“People who enjoy meetings should not be in charge of anything.”
When experienced corporate professionals jump into the deep end to run marketing for a crypto project the force pulling them back to their comfort zone and area of expertise is often just too strong to overcome and results in the strategic tension tug of war being resolved to a “far right” outcome on the spectrum. This is arguably the worst result and can mean the project flounders, perhaps never really getting off the ground. Building a sleek website and prematurely splashing marketing budgets around may create some benefit, but little in the way of sustainable long-term growth. Lacking a foundation of organic brand presence and community support leaves the project to coast along as an empty shell until cash reserves are depleted.
“can devs do something aw.”
Meanwhile, when individuals fully immersed in cryptocurrency culture attempt to turn their hand to marketing, the force keeping them in their comfort zone and area of expertise is again just too strong to overcome but results in the strategic tension tug of war being resolved to a “far left” outcome on the spectrum. However, in this case the results may initially be very promising with community interactions and organic growth surging. It’s only once the project attempts to scale that cracks can appear to show and growth end up being capped, due to a lack of internal structures, strategies, & plans, and the difficulty in presenting a polished and professional image which is especially important in a world moving ever-closer to the holy grail of mass adoption.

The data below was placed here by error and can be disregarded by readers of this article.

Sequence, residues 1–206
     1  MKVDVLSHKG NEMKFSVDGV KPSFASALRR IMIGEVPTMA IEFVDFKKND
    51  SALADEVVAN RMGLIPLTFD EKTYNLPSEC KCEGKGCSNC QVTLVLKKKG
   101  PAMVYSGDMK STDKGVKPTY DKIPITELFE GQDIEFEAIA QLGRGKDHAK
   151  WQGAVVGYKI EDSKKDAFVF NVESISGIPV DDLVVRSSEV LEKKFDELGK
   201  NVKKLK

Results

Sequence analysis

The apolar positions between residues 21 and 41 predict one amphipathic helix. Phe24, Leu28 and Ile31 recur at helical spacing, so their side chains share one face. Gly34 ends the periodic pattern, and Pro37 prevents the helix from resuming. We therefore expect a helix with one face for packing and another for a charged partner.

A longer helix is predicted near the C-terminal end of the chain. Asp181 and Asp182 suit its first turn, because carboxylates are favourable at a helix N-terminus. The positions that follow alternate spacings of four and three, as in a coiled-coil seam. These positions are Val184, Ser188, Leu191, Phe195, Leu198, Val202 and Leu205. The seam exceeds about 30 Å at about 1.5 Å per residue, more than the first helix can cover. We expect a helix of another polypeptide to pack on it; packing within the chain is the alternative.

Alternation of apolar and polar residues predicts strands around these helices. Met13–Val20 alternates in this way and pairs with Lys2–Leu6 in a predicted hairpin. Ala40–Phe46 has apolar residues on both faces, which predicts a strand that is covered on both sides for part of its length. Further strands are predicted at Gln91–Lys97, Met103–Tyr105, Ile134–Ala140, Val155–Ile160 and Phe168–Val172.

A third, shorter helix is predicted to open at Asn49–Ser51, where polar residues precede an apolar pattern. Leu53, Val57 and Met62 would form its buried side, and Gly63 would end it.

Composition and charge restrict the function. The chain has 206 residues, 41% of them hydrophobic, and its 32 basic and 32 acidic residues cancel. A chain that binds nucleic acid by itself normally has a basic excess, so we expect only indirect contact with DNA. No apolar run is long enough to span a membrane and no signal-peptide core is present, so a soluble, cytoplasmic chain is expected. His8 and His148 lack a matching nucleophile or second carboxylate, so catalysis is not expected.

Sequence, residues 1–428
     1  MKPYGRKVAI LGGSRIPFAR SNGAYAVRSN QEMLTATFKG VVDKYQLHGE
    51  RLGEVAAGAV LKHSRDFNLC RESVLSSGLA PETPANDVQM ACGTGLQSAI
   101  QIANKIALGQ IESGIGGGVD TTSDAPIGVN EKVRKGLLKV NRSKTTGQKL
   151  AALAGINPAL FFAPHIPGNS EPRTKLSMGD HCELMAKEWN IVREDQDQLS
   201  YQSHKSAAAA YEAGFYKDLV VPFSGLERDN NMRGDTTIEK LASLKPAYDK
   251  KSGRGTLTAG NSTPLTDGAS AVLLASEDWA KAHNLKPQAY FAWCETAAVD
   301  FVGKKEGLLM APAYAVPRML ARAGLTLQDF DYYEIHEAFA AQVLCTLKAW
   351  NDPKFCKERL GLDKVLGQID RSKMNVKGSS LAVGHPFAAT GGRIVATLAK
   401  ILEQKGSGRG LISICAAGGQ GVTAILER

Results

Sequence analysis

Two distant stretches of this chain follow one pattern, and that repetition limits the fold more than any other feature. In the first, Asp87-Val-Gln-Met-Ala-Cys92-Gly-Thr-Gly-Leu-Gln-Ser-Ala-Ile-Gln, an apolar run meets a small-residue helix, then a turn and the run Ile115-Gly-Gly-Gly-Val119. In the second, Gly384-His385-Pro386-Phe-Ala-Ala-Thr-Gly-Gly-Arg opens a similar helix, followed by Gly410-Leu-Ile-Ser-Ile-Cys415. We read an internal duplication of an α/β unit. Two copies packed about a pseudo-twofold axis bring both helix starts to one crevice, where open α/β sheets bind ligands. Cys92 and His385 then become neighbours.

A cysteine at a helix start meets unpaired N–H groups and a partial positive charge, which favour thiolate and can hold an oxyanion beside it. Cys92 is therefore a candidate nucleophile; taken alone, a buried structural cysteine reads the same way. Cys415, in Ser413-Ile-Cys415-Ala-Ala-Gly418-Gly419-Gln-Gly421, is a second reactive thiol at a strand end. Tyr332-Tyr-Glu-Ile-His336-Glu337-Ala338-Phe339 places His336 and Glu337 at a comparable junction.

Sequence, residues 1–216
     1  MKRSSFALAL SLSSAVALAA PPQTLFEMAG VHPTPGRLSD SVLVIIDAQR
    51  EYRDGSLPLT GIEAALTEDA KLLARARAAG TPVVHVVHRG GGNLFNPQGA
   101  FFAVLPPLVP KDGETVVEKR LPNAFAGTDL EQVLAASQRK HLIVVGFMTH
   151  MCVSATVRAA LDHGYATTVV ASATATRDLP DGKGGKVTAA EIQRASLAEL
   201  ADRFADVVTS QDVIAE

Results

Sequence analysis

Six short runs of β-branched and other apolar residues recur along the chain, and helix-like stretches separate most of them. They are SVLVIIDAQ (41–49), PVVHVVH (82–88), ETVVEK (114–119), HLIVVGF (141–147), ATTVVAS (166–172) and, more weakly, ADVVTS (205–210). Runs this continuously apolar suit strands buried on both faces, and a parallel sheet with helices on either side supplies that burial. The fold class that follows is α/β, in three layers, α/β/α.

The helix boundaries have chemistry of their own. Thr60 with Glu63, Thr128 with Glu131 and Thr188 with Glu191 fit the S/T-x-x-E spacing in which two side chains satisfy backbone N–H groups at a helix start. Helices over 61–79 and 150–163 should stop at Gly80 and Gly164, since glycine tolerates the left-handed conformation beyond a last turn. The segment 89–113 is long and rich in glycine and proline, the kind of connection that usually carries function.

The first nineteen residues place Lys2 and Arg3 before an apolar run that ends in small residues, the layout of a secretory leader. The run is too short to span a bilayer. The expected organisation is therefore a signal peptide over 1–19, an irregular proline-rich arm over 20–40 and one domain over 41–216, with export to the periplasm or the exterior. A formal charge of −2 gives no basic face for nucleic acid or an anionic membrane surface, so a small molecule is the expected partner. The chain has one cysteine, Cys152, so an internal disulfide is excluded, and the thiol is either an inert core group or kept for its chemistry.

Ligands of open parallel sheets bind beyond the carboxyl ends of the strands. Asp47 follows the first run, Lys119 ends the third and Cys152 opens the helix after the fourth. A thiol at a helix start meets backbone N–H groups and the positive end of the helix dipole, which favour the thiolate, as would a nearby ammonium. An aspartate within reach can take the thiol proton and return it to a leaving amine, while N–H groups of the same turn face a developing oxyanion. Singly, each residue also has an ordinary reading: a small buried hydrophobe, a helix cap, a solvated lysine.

“Leadership is the capacity to translate vision into reality.”
Is the answer then simply a compromise? To find a way to meet in the middle and in doing so dilute both concepts, adopting a tepid strategy that combines the worst of both worlds? Well, it shouldn’t be. True marketing leaders are able to resolve this strategic tension by moving from an either/or solution to a both/and outcome. Or as de Wit & Meyer themselves put it:
“[Marketing leaders] have the predisposition and the capacity to hold in their heads two opposing ideas at once. And then, without panicking or simply settling for one alternative or the other, they’re able to creatively resolve the tension between those two ideas by generating a new one that contains elements of the others but is superior to both.”
If you come across a blockchain technology project that displays this kind of excellence in marketing leadership, the key to unlocking success in the industry, you might be in for an exciting ride!
Last modified 1mo ago